Framework for biodiversity Reconciliation Action Plans
Work Package 2: Ecology - Landscape Factors
• Identification of landscape level key factors for fish loss and damage to fishing equipment;
• Assessment of the effects of different types of fishing operations on casualties of the
model vertebrate species;
• Development of a framework for assessing the ecological basis of conflicts
in reconciliation action plans.
Description of work and methodologies
We will relate the amount of fish lost to fishery operations and damage
to fishing gear to the presence and abundance of the selected
vertebrate species as well as to characteristics of the environment and
the type of fishing operations.
We will evaluate existing literature and collect and analyse new data.
For otter and cormorants, we will compare a representative sample of
sites (ponds/sites within estuaries) in terms of predator
abundance/visiting rates, fish availability, and site characteristics
(abiotic factors, structure, presence of alternative habitats). We will
survey cormorants by direct observations, whereas we will use signs of
tracks and spraints for otters. We will calibrate these indirect
measures of otter visiting rates using telemetry observations on
visiting rates for focal individuals. Telemetry will be further used to
analyse the relationship between landscape factors and otter activity.
For ponds used by otters, we will additionally assess the condition of
fish (body condition, fat index, and level of stress hormones). Sites
will be monitored monthly for a 4-day period to collect data on
visiting rates by direct observations (cormorants) and presence of
Data on fish loss will be collected in co-operation with local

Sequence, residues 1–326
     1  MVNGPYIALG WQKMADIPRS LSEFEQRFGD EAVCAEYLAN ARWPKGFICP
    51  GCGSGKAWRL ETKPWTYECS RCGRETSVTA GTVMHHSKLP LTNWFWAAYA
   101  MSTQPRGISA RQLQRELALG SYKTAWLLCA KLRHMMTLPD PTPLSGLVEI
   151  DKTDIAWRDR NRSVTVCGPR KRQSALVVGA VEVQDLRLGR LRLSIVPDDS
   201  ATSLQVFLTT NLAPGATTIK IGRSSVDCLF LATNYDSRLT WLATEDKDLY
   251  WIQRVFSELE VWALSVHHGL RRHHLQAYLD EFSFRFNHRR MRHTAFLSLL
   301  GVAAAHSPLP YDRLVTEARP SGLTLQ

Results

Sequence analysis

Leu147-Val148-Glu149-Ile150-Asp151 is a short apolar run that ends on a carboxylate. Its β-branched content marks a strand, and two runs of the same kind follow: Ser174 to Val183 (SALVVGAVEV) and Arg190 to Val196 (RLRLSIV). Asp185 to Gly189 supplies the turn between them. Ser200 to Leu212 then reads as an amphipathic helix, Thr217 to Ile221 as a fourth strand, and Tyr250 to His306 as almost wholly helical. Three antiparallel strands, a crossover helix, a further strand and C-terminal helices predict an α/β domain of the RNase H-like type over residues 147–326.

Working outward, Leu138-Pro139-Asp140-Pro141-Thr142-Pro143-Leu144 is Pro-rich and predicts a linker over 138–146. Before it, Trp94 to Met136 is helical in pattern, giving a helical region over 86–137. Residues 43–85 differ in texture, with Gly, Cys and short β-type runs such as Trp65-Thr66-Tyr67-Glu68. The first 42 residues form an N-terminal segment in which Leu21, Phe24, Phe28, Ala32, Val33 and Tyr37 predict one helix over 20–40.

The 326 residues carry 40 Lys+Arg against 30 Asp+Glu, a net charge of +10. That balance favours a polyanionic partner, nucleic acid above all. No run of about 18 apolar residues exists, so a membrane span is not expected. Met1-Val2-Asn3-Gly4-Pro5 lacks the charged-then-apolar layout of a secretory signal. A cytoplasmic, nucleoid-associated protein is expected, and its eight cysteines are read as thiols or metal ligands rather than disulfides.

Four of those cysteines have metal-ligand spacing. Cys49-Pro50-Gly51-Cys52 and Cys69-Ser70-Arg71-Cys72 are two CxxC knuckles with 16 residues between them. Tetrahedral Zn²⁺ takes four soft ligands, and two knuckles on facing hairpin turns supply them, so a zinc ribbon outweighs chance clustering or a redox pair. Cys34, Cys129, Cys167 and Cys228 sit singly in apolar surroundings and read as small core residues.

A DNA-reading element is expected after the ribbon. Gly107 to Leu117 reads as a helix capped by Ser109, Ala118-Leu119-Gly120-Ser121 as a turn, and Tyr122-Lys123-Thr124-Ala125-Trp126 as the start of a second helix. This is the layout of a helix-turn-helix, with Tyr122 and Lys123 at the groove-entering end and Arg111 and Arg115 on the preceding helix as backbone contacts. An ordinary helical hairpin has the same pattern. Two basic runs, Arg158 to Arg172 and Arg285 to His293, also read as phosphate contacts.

fishermen. For seals, we will collate available information on seal
distribution and abundance from the annual seal counts and relate it to
fishery catch data, damage to catch and gear by seals, and to seal and
cormorant by-catch (data from EU-logbooks and log-books of selected
fishermen). The data will be analysed using multivariate statistical
methods to identify key factors for the level of damage. The choice of
statistical methods will be based on tests of assumptions and the
statistical distribution of the data (Dolédec & Chessel
Results will be compared among species incorporating published and
unpublished information for European countries, especially information
on cormorants provided by REDCAFE.
Our results on ponds, or types of fishing activities that are
particularly vulnerable respectively attractive to the fish-eating
vertebrates studied will be translated into management recommendations.
We will evaluate the general applicability of these recommendations
beyond the studied regions by testing them for otters in Scotland under
conditions that differ from the region studied to derive the